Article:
When given together, rilpivirine and cabotegravir are usually taken once per day starting at least 28 days before you switch to the monthly injectable combination. On the last day you take rilpivirine and cabotegravir, you will receive your first monthly injectable dose of these medicines.
If you miss or plan to miss an injection by more than 7 days, call your healthcare provider to discuss your treatment options.
You may need frequent medical tests while taking rilpivirine, and for several months after your last dose.
Use all HIV medications as directed. Do not change your dose or stop using a medicine without your doctor's advice. Remain under the care of a doctor.
Store rilpivirine in its original container at room temperature away from moisture, heat, and light.
What happens if I miss a dose?
Take the medicine with food as soon as you can, but skip the missed dose if you are more than 12 hours late for the dose. Do not use two doses at one time.
Get your prescription refilled before you run out of medicine completely.
What happens if I overdose?
Seek emergency medical attention or call the Poison Help line at 1-800-222-1222.
What should I avoid while taking rilpivirine?
Using this medicine will not prevent your disease from spreading. Do not have unprotected sex or share razors or toothbrushes. Ask your doctor how to prevent HIV transmission during sex. Sharing drug or medicine needles is never safe.
What are the possible side effects of rilpivirine?
Get emergency medical help if you have signs of an allergic reaction (hives, difficult breathing, swelling in your face or throat) or a severe skin reaction (fever, sore throat, burning in your eyes, skin pain, red or purple skin rash that spreads and causes blistering and peeling).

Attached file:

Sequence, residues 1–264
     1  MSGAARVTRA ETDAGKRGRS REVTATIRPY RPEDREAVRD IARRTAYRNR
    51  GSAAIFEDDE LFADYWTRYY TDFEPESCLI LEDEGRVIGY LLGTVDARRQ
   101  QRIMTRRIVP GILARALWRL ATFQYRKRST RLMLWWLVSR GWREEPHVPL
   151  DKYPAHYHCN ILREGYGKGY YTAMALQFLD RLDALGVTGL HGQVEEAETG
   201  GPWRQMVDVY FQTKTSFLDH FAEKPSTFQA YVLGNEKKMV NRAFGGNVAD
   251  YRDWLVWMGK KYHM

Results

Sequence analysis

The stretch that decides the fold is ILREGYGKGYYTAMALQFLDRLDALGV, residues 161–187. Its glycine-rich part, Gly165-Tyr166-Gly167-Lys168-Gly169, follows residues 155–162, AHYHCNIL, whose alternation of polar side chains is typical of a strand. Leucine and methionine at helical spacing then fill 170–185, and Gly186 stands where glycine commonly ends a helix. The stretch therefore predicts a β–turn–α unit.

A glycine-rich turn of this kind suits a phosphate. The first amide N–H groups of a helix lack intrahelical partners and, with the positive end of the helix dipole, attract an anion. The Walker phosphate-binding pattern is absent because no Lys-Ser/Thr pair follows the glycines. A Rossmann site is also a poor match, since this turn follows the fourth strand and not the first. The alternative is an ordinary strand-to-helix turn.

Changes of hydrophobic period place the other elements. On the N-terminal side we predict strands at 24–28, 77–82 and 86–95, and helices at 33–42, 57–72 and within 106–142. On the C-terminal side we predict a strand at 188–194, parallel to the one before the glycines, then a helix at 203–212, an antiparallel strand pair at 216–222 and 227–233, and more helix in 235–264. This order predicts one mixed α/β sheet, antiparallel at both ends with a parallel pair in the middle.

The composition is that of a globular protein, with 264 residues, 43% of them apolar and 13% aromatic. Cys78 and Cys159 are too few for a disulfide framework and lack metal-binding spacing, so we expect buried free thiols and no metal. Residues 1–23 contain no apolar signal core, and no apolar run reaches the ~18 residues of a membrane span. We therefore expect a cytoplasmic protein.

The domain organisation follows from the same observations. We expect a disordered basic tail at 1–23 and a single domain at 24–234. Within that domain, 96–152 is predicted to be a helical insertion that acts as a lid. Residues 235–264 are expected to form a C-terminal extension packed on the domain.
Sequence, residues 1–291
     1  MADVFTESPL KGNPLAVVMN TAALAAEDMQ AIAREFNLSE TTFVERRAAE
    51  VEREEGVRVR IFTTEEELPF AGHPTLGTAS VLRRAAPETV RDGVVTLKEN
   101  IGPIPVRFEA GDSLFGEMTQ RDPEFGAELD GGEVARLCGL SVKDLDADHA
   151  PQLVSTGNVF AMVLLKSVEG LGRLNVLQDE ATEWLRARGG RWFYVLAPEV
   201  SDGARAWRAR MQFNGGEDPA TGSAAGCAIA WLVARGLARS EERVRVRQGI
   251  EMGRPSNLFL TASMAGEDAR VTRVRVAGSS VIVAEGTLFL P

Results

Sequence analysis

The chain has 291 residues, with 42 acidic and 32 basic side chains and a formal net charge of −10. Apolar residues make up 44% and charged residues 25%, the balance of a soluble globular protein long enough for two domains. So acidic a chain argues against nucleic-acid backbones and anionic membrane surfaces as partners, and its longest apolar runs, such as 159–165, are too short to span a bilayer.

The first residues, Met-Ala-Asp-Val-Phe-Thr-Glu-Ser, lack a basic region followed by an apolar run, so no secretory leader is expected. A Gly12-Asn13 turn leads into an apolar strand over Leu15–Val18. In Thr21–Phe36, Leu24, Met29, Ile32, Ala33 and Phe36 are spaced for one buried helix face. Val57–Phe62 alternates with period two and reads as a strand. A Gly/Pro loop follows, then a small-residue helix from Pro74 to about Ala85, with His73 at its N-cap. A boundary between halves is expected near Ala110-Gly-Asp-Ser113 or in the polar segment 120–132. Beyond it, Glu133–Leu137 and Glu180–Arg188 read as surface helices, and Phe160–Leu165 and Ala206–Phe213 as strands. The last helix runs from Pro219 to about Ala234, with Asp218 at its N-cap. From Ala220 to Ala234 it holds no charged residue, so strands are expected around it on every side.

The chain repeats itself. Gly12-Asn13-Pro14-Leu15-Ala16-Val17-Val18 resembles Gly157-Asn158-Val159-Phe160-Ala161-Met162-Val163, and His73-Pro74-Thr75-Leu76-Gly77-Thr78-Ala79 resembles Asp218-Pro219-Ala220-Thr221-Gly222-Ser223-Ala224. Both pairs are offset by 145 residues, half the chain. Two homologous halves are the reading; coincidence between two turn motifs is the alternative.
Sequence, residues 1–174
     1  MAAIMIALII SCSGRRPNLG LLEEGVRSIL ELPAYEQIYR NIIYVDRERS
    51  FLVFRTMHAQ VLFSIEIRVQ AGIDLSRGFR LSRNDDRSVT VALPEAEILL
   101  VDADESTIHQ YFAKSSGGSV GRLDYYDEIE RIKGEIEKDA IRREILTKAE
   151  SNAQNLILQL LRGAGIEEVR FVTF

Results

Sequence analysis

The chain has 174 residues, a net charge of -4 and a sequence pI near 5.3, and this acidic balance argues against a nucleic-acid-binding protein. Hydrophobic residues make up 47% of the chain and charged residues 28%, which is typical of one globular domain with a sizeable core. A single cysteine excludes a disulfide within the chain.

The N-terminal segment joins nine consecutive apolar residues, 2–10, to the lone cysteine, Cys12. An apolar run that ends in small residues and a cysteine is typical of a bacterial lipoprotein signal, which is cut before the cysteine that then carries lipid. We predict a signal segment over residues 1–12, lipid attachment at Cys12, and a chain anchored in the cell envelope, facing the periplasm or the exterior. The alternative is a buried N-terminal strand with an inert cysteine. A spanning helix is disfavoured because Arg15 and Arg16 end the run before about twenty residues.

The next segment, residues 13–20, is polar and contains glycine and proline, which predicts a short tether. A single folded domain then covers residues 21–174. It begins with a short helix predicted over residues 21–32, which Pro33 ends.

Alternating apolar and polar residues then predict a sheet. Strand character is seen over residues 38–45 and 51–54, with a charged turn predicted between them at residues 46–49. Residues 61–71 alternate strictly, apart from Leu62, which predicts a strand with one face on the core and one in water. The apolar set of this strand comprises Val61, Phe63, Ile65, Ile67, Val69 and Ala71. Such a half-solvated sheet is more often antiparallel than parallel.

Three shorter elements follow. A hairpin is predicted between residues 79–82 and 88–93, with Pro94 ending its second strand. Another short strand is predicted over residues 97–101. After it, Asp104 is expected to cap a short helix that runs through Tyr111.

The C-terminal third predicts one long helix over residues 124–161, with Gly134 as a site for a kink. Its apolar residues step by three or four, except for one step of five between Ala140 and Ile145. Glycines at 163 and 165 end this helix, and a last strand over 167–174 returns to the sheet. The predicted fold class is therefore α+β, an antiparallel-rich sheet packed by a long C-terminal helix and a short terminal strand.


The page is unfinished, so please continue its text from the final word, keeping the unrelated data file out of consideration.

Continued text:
Seek medical treatment if you have a serious drug reaction that can affect many parts of your body. Symptoms may include: skin rash, fever, swollen glands, flu-like symptoms, muscle aches, severe weakness, unusual bruising, or yellowing of your skin or eyes.
Call your doctor at once if you have:
- mood changes, anxiety, feeling sad or hopeless, thoughts about suicide or hurting yourself;
- liver problems --right-sided upper stomach pain, dark urine, jaundice (yellowing of the skin or eyes); or
- symptoms of depression --mood changes, feelings of low self-worth, loss of interest in things you once enjoyed, new sleep problems, thoughts about hurting yourself.
Rilpivirine affects your immune system, which may cause certain side effects (even weeks or months after you've taken this medicine). Tell your doctor if you have:
- signs of a new infection --fever, night sweats, swollen glands, cold sores, cough, wheezing, diarrhea, weight loss;
- trouble speaking or swallowing, problems with balance or eye movement, weakness or prickly feeling; or
- swelling in your neck or throat (enlarged thyroid), menstrual changes, impotence.
Common side effects may include:
- sleep problems (insomnia);
- skin rash;
- headache; or